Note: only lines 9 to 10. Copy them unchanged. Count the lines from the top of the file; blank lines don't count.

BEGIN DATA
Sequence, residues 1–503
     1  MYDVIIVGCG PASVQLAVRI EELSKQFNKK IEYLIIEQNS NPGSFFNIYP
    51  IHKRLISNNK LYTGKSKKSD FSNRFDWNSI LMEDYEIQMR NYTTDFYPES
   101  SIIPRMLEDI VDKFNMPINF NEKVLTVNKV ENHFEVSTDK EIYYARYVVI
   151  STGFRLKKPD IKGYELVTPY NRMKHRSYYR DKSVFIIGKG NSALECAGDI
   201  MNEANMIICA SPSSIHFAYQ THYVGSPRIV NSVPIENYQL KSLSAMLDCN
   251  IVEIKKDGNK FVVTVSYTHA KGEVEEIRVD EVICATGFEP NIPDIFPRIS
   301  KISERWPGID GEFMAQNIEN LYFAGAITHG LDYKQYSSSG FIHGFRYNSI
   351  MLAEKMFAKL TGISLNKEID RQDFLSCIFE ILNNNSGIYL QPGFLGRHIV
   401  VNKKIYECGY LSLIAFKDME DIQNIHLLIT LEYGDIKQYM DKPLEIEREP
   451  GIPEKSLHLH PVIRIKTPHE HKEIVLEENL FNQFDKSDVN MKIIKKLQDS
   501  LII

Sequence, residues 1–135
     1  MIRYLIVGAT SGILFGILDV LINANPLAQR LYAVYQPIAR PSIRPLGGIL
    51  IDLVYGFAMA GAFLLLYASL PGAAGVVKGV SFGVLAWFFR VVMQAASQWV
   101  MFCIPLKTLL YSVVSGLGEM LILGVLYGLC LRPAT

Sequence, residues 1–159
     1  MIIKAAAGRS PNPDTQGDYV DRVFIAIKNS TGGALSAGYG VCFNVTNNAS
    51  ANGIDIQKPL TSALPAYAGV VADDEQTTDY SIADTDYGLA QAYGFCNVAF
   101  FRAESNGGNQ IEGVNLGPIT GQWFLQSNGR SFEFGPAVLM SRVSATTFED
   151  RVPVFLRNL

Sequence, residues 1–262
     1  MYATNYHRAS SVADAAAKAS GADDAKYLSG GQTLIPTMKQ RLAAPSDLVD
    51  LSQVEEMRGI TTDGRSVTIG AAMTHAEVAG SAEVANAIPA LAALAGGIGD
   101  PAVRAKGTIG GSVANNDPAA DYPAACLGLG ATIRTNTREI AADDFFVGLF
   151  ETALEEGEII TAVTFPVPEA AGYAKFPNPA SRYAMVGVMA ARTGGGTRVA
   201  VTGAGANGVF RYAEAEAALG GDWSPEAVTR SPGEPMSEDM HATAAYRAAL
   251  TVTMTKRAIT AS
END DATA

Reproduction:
   351  MLAEKMFAKL TGISLNKEID RQDFLSCIFE ILNNNSGIYL QPGFLGRHIV
   401  VNKKIYECGY LSLIAFKDME DIQNIHLLIT LEYGDIKQYM DKPLEIEREP